Friday, December 2, 2011

Airline food kills passenger. Maybe, but I don't think so,

In May of this year, a man named Othon Cortes died while flying from Barcelona to Miami. His family has filed suit against American Airlines. They claim he died of food poisoning acquired on the Barcelona to New York leg of the trip. He became ill at JFK airport and subsequently died before the plane diverted to Norfolk, Va.

Their lawyer says the death was caused by a chicken dinner tainted with Clostridium perfringens provided by the airline. The victim was said to have suffered “sharp stomach cramps and sudden thirst and other clear outward manifestation of severe physical illness."

I have a lot of problems with the way this poor man’s demise is being handled.

First the media. Here’s the way the Consumerist, an arm of Consumer Reports and a popular tweeter delivered the news.
And here are the headlines from some well-known news sources.

USAToday: Lawsuit: In-flight meal led to AA flier's death
CNN: Family: In-flight meal killed flier
Gizmodo: Airplane Food Finally Kills Someone, Says Lawsuit
DailyMail (UK): American Airlines sued after man DIES after in-flight meal [DIES is the way they printed it.]

To be fair, the articles use terms like “allegedly” but the reporters apparently did not ask many questions.

For example, did anyone else on the plane get sick? It is doubtful that food poisoning would have occurred in just one of say 200 passengers.

The death occurred in May. I would assume there was an autopsy. What were the findings?

Just how lethal is food poisoning due to Clostridium perfringens?

I don’t know the answers to the first two questions but I do know something about Clostridium perfringens. According to the CDC, “Persons infected with C. perfringens develop watery diarrhea and abdominal cramps within 6 to 24 hours (typically 8-12).” He would likely have diarrhea at some point. There was no mention of diarrhea in Mr. Cortes’s case. And the CDC says: “C. perfringens is one of the most common causes of foodborne illness in the United States. It is estimated that it causes nearly a million cases of foodborne illness each year.”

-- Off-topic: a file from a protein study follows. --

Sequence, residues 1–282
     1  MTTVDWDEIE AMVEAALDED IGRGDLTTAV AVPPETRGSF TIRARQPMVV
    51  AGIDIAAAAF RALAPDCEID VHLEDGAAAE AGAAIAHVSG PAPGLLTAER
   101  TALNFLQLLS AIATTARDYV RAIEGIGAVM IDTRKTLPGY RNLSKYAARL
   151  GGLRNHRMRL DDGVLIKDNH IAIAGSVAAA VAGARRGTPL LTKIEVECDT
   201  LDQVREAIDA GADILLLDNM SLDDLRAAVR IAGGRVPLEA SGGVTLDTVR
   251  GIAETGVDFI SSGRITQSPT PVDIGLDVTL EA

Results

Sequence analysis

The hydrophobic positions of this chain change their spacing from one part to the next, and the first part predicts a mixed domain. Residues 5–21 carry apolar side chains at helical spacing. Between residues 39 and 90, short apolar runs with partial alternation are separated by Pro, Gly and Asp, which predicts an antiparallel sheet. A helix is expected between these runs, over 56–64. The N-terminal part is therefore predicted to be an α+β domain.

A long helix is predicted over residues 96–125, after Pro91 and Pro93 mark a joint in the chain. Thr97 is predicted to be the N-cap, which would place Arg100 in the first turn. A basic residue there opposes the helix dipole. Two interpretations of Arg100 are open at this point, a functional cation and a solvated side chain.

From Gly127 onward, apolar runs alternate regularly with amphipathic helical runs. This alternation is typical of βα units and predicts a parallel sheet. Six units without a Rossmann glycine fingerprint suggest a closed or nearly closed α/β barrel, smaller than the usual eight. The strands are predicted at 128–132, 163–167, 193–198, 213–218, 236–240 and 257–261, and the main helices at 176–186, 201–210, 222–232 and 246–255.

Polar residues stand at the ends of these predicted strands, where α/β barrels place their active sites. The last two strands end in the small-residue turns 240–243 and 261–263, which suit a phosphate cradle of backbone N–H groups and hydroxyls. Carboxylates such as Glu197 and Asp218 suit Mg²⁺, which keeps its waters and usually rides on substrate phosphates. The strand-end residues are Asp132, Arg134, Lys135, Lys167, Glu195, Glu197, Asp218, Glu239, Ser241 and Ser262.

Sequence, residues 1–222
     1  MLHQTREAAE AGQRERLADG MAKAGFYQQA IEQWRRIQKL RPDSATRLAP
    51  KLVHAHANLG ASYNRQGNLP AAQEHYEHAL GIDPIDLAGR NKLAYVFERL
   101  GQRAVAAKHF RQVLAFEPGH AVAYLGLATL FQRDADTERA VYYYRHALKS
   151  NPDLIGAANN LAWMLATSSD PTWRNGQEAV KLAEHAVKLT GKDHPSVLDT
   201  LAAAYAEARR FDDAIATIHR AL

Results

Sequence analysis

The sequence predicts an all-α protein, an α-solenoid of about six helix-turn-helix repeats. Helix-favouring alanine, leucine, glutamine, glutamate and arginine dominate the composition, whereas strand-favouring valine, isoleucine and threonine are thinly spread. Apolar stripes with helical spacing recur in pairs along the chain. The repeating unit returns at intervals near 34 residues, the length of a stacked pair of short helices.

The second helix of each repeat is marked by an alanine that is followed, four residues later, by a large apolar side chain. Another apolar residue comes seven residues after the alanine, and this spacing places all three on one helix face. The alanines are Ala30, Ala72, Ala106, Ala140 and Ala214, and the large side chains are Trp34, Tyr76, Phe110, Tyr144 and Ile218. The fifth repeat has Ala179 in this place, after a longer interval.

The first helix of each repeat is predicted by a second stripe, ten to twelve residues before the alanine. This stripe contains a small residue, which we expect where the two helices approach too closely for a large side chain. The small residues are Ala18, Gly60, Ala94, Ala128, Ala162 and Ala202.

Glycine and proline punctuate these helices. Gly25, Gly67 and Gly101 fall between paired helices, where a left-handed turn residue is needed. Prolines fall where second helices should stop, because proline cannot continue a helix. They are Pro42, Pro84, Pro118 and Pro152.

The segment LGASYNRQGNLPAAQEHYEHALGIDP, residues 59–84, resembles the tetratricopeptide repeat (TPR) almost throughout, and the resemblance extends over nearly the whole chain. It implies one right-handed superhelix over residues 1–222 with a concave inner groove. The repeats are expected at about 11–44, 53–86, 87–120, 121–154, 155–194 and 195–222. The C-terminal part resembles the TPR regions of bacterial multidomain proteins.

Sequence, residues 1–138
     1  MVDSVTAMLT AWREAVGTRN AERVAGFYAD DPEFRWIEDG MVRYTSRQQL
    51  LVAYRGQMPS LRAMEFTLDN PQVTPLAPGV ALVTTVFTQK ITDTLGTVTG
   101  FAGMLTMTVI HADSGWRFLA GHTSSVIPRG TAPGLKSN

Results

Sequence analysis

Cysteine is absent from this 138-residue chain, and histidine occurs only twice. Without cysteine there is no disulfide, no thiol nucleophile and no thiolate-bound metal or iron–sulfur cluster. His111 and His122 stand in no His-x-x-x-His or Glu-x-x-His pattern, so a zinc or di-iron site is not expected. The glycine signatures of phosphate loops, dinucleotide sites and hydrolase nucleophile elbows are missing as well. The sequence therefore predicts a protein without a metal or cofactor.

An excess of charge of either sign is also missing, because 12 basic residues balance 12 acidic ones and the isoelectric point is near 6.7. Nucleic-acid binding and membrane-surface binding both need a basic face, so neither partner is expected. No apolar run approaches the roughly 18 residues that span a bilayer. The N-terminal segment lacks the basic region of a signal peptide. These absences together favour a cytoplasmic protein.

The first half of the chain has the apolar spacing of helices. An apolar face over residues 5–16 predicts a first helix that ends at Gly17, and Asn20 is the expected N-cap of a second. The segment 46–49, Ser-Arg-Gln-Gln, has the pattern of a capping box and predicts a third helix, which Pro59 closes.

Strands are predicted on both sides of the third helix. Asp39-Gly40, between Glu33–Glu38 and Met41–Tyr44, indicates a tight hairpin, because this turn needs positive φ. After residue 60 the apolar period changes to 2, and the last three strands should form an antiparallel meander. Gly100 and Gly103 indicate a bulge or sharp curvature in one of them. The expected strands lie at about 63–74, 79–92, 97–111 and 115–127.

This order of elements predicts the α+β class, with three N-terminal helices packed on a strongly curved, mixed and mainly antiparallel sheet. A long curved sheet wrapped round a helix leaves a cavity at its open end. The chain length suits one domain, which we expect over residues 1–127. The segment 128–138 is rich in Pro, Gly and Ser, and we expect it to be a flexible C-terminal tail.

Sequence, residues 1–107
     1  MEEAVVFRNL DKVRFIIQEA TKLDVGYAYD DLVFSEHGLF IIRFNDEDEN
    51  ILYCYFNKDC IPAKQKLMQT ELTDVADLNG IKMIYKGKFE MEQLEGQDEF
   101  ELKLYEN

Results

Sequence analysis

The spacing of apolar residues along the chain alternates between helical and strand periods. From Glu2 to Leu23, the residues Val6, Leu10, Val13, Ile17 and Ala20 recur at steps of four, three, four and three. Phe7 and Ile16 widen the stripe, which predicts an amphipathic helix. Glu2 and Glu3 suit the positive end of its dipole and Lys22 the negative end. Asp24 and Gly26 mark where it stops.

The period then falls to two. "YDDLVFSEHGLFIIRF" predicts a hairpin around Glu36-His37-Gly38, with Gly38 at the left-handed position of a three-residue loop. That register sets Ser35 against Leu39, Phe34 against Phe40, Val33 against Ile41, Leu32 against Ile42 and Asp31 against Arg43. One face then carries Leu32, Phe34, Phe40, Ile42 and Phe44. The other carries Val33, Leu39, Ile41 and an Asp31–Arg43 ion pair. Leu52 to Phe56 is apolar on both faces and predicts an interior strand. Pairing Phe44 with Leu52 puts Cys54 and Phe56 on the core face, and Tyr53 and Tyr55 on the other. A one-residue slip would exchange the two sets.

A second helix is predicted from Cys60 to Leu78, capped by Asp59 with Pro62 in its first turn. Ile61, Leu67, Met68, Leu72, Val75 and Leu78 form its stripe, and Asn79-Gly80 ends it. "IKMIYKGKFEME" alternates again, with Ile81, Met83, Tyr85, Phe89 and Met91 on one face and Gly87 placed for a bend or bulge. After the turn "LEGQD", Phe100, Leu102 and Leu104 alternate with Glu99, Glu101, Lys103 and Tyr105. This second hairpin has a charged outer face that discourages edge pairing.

So how common is death in this type of food poisoning? Not very. Wikipedia: “Very rare, fatal cases of clostridial necrotizing enteritis (also known as pigbel) have been known to involve "Type C" strains of the organism, which produce a potently ulcerative β-toxin. This strain is most frequently encountered in Papua New Guinea.” The FDA: “The disease generally lasts 24 hours. In the elderly or infirm, symptoms may last 1-2 weeks. Complications and/or death only very rarely occur.”

 

But it makes a much more interesting story if an inflammatory headline is used, doesn’t it?

4 comments:

Guy McCardle said...

It must have been a slow news day. Knowing very little about the case, I would think the unfortunate flier was either at death's door when he ate the allegedly bad chicken or he died secondary to a totally unrelated process. Most likely the latter. It would be interesting to know what was found at autopsy.

--Guy
www.theinconvenienttruth.org The Inconvenient Truth

Skeptical Scalpel said...

I agree. I doubt it was food poisoning.

medschoolodyssey said...

Yet American Airlines will most likely settle out of court to avoid a lawsuit. Another one in the "Win" column for the trial lawyers.

Skeptical Scalpel said...

Medschool

Thanks for commenting. I'm not so sure the airline will settle. It's going to be hard to prove it was food poisoning. And there is such a thing as contributory negligence. The airline did not force the passenger to fly on that second leg. He could have gone to a hospital after landing at JFK. I hope I can get some follow-up on this.

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